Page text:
Bruce Willis’ daughter, Tallulah, has revealed her difficulties coming to terms with her father’s frontotemporal dementia (FTD) diagnosis and shared details about its impact on her family’s life.
“I keep flipping between the present and the past when I talk about Bruce: he is, he was, he is, he was. That’s because I have hopes for my father that I’m so reluctant to let go of,” the 29-year-old daughter of the “Die Hard” star and his ex-wife Demi Moore wrote in a lengthy first-person essay for Vogue, published Wednesday.
She recalled the first signs of her father’s illness, which the family initially announced was aphasia, a condition that can hinder communication. His family has since shared that the actor is living with FTD, which affects areas of the brain generally associated with personality, behaviour and language, according to the Mayo Clinic.
“I’ve known that something was wrong for a long time,” she wrote. “It started out with a kind of vague unresponsiveness, which the family chalked up to Hollywood hearing loss: ‘Speak up! “Die Hard” messed with Dad’s ears.’”
“Later that unresponsiveness broadened, and I sometimes took it personally. He had had two babies with my stepmother, Emma Heming Willis, and I thought he’d lost interest in me. Though this couldn’t have been further from the truth, my adolescent brain tortured itself with some faulty math: I’m not beautiful enough for my mother, I’m not interesting enough for my father.”
Tallulah Willis also spoke candidly about her own health – her ADHD and Borderline Personality Disorder diagnoses, and her struggles with anorexia nervosa, recalling that by spring 2022 she weighed about 84 pounds and couldn’t walk around her neighbourhood in case there wasn’t somewhere to sit down to catch her breath.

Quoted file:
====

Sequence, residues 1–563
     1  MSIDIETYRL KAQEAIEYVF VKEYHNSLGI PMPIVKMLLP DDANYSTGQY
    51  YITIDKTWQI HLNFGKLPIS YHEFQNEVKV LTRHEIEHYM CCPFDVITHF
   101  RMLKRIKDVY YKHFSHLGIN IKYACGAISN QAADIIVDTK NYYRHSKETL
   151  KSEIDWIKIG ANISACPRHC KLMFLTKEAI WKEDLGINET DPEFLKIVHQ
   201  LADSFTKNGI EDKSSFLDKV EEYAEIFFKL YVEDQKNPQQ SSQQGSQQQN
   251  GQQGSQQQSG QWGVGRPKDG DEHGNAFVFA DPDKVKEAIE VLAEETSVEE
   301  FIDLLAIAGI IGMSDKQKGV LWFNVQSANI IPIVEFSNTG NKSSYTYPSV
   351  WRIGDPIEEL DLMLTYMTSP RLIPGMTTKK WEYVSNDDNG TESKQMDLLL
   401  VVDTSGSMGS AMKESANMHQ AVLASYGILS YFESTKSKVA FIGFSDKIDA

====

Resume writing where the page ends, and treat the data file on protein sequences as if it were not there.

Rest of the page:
“I admit that I have met Bruce’s decline in recent years with a share of avoidance and denial that I’m not proud of. The truth is that I was too sick myself to handle it,” she wrote.
“I had managed to give my central dad-feeling canal an epidural; the good feelings weren’t really there, the bad feelings weren’t really there. But I remember a moment when it hit me painfully: I was at a wedding in the summer of 2021 on Martha’s Vineyard, and the bride’s father made a moving speech.
“Suddenly I realized that I would never get that moment, my dad speaking about me in adulthood at my wedding. It was devastating. I left the dinner table, stepped outside, and wept in the bushes.”
After spending time at a recovery centre in Texas, Tallulah Willis says that she felt “a lot better” and now has “the tools to be present in all facets of my life, and especially in my relationship with my dad.”
Whenever she visits her father now, she takes photos of everything to document their time together and says that she has every voicemail from him saved on a hard drive.
“I’m like an archeologist, searching for treasure in stuff that I never used to pay much attention to,” she said. “I find that I’m trying to document, to build a record for the day when he isn’t there to remind me of him and of us.”
She added: “In the past I was so afraid of being destroyed by sadness, but finally I feel that I can show up and be relied upon. I can savor that time, hold my dad’s hand, and feel that it’s wonderful. I know that trials are looming, that this is the beginning of grief, but that whole thing about loving yourself before you can love somebody else – it’s real.”